Indeed, there is some evidence that a name can influence how a child performs in school and even her career opportunities. There’s also the fact that different groups of parents — blacks and whites, for instance — have different naming preferences. Stephen Dubner talks to Harvard professor Latanya Sweeney about a mysterious discrepancy in Google ads for Instant Checkmate, a company that sells public records. Sweeney found that searching for people with distinctively black names was 25% more likely to produce an ad suggesting the person had an arrest record – regardless of whether that person had ever been arrested.  Read More »



Parking Is Hell: A New Freakonomics Radio Podcast

Our latest Freakonomics Radio podcast is called “Parking Is Hell.” (You can subscribe at iTunes, get the RSS feed, or listen via the media player above. You can also read the transcript below; it includes credits for the music you’ll hear in the episode.) 

The episode begins with Stephen Dubner talking to parking guru Donald Shoup, a professor of urban planning at UCLA and author of the landmark book The High Cost of Free Parking. In a famous Times op-ed, Shoup argued that as much as one-third of urban congestion is caused by people cruising for curb parking. But, as Shoup tells Dubner, there ain’t no such thing as a free parking spot:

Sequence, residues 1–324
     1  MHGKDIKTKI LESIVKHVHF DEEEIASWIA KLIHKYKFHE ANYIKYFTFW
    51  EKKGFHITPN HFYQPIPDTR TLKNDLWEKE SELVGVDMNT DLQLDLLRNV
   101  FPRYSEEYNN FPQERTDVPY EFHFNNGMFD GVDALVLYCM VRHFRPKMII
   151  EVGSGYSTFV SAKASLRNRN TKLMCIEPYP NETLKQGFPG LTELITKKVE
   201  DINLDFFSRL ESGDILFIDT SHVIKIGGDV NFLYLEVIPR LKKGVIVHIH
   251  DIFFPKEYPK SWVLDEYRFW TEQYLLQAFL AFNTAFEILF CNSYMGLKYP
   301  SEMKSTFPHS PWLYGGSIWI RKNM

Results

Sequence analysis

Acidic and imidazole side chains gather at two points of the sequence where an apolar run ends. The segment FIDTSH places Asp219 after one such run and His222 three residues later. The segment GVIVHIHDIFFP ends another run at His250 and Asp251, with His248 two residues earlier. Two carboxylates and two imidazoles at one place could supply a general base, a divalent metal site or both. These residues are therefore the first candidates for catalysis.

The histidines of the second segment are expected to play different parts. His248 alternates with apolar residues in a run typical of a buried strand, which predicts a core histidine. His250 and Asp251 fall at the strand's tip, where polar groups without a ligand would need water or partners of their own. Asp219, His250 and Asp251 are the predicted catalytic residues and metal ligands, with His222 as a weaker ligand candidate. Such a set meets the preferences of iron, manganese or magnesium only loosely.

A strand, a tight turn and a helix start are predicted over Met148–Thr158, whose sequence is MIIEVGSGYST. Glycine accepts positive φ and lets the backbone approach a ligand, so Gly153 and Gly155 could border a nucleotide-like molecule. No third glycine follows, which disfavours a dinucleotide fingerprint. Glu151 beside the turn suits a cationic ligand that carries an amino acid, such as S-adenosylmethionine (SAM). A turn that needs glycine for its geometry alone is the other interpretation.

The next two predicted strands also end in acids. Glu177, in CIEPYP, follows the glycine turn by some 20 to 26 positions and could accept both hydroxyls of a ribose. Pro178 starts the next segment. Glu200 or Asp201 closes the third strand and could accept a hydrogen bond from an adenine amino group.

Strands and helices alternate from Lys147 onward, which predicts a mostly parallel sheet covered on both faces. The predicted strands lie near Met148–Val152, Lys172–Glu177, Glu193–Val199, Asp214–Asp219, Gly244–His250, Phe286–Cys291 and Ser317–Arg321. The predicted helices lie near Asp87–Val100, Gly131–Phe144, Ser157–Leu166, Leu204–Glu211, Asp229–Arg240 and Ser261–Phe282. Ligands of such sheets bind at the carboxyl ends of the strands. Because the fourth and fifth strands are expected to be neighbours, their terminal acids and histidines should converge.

SHOUP: Everybody likes free parking, including me, probably you. But just because the driver doesn’t pay for it doesn’t mean that the cost goes away. If you don’t pay for parking your car, somebody else has to pay for it. And that somebody is everybody. We pay for free parking in the prices of the goods we buy at places where the parking is free. And we pay for parking as residents when we get free parking with our housing. We pay for it as taxpayers. Increasingly, I think we’re paying for it in terms of the environmental harm that it causes.

Shoup’s recommendations have inspired a series of reforms across the country, most notably an ongoing experiment in San Francisco called SFPark. The project essentially establishes a dynamic market for street parking by measuring average occupancy on each block and then setting prices according to demand. Read More »



A Freakonomics Radio Bleg: What’s Your Name?

Want to be part of an episode of Freakonomics Radio? We’re working on a podcast about names and we want to hear from readers and listeners about their own names — common ones, unusual ones, everything in between. So we’ve set up a voicemail line at 646-829-4478. Give us a call and tell us your full name, and then tell us a little bit about your first name – how you got it and what it means. Thanks!

Addendum: Thank you for all your emails and messages! Our line is now closed. Our names podcast will be out on 4/8/2013.